Why not bring gender equality to your listening habits?
International Women’s Day has given inadvertent birth to a host of marketing schemes. Some are markedly more successful than others. And whilst it’s important to recognise what Spotify and Smirnoff’s latest partnership is in aid of (cold, hard cash), there’s no denying their new tool is a genuinely useful innovation that could make us more mindful about our listening habits in 2018.
Dubbed the ‘Smirnoff Equalizer,’ the extension analyses your Spotify listening habits over the last six months (sorry Apple Music fans, there’s nothing for you here) and breaks down the ratio of male-to-female artists you listen to. And we guarantee the results will be shocking.
For the sake of research, I tested the tool, predicting a fairly even split between the female and male artists who are piped through my speakers. If anything, I thought it would be skewed towards women. Previous end of year analysis of my music consumption had revealed four out of five of my top artists of 2017 were women (SZA, Kelela, Beyoncé and Rihanna, in case you were wondering).
Three of my top five songs of 2017 were also by female artists, whereas a fourth featured a woman. Compared to Spotify’s global top 10 most-streamed songs of 2017 - all by men, with the only two appearances by women being a feature and on a duet – it seemed obvious that I was streets ahead in the sonic equality stakes.
When the results came through, I discovered that I’d been grievously fooling myself. Only 36% of the musicians I listened to were women.
What was worse – if anything could be worse than such a rude awakening – was that this was apparently significantly more than the average person. 36% was suddenly considered substantial.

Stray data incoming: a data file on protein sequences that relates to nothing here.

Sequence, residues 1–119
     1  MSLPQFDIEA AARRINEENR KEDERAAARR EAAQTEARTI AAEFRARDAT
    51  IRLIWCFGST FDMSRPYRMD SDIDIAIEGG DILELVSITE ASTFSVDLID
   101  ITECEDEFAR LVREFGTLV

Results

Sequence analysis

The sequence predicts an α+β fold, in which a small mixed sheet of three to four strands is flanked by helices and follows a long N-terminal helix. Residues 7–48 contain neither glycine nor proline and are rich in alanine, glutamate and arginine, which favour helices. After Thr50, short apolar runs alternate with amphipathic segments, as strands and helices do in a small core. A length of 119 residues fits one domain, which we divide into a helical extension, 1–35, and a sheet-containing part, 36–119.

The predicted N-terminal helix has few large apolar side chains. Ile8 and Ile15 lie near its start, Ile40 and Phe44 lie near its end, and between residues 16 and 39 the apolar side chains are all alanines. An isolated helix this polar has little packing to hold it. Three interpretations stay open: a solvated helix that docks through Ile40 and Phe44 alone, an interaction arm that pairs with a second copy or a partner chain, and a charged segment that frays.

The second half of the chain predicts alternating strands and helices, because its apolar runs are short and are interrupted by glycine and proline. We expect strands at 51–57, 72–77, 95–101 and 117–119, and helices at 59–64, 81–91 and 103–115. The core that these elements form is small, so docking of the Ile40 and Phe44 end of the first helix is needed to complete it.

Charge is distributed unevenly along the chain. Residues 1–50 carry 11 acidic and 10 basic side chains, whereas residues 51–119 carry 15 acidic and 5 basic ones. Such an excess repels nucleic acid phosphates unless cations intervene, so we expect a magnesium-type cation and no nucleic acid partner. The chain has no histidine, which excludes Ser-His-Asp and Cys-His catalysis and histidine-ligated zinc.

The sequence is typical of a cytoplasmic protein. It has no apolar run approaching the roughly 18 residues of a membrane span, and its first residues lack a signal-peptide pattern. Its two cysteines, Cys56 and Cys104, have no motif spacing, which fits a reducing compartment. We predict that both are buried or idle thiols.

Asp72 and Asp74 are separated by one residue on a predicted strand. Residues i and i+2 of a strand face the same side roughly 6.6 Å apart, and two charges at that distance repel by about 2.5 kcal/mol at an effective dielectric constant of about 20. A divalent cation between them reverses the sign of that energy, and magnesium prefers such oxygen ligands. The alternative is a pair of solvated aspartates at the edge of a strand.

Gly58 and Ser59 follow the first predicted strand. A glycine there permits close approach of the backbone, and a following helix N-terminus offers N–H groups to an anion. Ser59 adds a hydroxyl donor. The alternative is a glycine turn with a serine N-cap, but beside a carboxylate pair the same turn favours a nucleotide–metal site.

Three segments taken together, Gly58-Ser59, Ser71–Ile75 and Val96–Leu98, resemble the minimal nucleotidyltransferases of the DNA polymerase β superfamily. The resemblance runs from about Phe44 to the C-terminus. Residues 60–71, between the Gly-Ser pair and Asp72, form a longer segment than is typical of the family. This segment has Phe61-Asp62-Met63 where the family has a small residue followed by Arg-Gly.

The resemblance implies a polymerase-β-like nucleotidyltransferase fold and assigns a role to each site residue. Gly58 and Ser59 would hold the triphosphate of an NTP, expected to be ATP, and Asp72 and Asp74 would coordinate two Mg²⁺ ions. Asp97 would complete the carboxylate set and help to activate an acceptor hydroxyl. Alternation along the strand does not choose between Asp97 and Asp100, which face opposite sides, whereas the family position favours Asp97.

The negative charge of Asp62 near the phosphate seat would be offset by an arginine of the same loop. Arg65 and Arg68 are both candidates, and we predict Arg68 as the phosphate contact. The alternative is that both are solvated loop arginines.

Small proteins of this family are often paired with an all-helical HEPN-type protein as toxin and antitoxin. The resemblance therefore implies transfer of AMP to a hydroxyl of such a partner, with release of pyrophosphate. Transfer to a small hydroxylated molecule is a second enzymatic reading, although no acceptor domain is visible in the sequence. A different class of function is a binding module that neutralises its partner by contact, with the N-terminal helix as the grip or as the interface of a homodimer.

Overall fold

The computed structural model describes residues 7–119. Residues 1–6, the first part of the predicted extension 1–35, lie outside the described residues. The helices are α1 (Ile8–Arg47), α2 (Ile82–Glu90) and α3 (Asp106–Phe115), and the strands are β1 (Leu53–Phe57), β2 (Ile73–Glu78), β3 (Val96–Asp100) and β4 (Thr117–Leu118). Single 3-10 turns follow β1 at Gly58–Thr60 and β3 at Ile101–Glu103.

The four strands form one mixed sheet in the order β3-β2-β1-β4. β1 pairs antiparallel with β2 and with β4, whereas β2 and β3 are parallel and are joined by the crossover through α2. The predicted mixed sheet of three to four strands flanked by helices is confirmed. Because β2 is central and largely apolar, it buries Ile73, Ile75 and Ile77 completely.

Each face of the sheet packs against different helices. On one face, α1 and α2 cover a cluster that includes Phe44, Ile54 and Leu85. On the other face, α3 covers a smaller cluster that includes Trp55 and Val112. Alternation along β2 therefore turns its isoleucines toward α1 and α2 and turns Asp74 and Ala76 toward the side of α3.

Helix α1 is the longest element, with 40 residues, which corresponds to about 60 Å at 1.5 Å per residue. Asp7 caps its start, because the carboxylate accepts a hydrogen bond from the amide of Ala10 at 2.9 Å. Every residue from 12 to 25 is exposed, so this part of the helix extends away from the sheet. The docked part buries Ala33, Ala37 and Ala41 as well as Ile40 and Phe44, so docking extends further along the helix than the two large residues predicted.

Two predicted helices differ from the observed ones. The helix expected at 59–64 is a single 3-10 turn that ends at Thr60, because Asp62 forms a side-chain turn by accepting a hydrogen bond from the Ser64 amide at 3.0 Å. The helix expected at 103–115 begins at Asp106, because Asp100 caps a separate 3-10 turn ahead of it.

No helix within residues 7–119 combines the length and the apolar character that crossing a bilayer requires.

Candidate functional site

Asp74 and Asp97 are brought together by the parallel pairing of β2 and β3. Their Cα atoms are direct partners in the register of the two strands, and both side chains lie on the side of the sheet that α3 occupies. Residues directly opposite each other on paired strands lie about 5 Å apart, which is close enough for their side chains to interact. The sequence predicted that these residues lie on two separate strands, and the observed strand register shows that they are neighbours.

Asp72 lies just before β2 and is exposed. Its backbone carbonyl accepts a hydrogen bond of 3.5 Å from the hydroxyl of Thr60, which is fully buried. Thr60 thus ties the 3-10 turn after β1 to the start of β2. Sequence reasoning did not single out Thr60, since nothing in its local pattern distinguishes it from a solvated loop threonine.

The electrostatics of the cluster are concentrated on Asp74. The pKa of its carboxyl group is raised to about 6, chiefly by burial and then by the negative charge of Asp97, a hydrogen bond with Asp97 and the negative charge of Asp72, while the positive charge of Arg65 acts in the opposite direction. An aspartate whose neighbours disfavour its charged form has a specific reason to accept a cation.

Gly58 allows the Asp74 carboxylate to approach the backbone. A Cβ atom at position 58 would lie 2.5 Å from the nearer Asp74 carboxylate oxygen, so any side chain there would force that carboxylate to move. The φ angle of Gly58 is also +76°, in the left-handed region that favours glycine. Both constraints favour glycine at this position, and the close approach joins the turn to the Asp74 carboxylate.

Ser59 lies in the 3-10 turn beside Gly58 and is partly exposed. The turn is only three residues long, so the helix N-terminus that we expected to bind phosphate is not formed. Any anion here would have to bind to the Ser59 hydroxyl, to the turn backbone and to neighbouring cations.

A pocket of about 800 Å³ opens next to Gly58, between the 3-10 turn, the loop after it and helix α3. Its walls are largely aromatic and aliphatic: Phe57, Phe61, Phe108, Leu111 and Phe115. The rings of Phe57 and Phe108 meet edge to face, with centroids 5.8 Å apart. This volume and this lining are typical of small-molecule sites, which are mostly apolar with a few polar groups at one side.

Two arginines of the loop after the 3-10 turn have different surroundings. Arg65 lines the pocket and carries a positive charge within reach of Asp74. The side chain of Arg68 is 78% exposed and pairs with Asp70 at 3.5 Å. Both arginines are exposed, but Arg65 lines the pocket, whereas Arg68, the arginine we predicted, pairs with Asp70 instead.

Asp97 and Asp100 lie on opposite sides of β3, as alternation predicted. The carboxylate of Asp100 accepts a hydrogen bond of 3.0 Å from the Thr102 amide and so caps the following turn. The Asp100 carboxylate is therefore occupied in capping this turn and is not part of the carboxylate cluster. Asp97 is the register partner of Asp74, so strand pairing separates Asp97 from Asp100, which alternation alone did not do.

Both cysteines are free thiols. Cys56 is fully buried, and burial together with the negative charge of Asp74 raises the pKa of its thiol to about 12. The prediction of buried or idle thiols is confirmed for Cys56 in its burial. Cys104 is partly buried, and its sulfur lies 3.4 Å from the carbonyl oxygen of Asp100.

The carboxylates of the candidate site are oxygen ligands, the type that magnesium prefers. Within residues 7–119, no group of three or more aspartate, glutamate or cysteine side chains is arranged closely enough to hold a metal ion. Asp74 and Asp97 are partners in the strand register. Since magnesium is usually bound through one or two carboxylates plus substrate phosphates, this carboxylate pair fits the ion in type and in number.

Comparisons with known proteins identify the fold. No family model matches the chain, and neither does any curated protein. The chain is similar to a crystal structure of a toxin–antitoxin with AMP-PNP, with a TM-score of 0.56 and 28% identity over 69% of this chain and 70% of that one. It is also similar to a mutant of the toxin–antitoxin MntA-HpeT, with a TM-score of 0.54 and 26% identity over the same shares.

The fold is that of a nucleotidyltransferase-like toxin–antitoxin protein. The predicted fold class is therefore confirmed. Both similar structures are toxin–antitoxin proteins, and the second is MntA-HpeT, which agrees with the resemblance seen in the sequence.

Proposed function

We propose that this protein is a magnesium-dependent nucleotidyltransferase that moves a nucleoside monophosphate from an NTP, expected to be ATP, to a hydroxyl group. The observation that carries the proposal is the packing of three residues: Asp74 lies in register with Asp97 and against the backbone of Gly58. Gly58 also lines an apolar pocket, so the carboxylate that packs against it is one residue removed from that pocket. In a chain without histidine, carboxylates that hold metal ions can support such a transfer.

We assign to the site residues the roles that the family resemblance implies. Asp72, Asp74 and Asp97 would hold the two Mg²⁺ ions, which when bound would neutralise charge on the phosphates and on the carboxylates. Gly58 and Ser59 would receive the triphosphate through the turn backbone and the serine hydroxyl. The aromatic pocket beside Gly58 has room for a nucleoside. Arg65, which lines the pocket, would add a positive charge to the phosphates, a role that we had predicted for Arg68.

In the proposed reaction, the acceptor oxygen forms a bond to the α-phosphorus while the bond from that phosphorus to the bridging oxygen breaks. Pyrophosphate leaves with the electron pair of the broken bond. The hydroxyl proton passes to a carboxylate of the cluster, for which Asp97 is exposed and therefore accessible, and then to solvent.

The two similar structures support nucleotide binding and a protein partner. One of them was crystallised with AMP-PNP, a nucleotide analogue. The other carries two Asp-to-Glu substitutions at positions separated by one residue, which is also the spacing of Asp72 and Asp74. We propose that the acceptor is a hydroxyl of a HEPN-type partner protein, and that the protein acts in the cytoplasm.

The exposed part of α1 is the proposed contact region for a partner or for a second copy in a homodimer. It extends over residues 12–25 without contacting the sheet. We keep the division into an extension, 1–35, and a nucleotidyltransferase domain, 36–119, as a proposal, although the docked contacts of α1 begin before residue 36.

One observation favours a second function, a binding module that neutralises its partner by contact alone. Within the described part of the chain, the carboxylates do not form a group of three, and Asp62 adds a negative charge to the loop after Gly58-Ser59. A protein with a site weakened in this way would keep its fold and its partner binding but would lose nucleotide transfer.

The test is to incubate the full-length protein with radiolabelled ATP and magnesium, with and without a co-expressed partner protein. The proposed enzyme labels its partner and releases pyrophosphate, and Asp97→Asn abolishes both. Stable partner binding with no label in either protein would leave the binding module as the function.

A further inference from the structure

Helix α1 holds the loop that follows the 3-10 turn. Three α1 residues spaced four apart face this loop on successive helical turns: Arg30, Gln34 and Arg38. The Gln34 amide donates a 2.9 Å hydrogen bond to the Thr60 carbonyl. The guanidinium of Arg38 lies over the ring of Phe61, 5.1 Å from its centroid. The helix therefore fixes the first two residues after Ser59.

It makes sense when considered in the context of the music industry, a place so inhospitable to women that specific initiatives have to be launched in order to ensure female artists get onto 2% of producers of the top 600 songs of the last five years are self-identified women. But it still comes as a shock to see that inequity replicated on a micro level – particularly when it’s your personal shortcomings laid bare.
Thankfully, the Smirnoff Equalizer seems to anticipate this response and offers up an ‘equalized’ Spotify playlist, balanced and adhering to your tastes. Using a slider, you can alter the percentages of male and female artists (non-binary performers are included too, if they match your listening habits, a note reads) to produce a more balanced collection of songs.
“We developed the Smirnoff Equalizer in partnership with Spotify because we believe that when we get to discover talented women artists and their phenomenal music, we’ll all have a better listening experience,” said Neil Shah, Smirnoff’s Global Senior Brand Manager.
“This is really empowering people to actually understand how their behaviors are subject to gender biases, and allows them to address those behaviors in a way that is natural to them,” added Shah, who also oversaw last year’s launch of Smirnoff’s ‘Equalizing Music’ campaign to double female festival headliners.
And whilst one 20-song (and slightly genre-confused) playlist won’t change things overnight, the Equalizer is an extension that shouldn’t be discarded once 8 March has passed. Sexism in the music industry, whilst a considerable mountain, is not insurmountable. But it will take a cognizant effort to change our ingrained listening habits. One SZA song at a time.
Images: Rex Features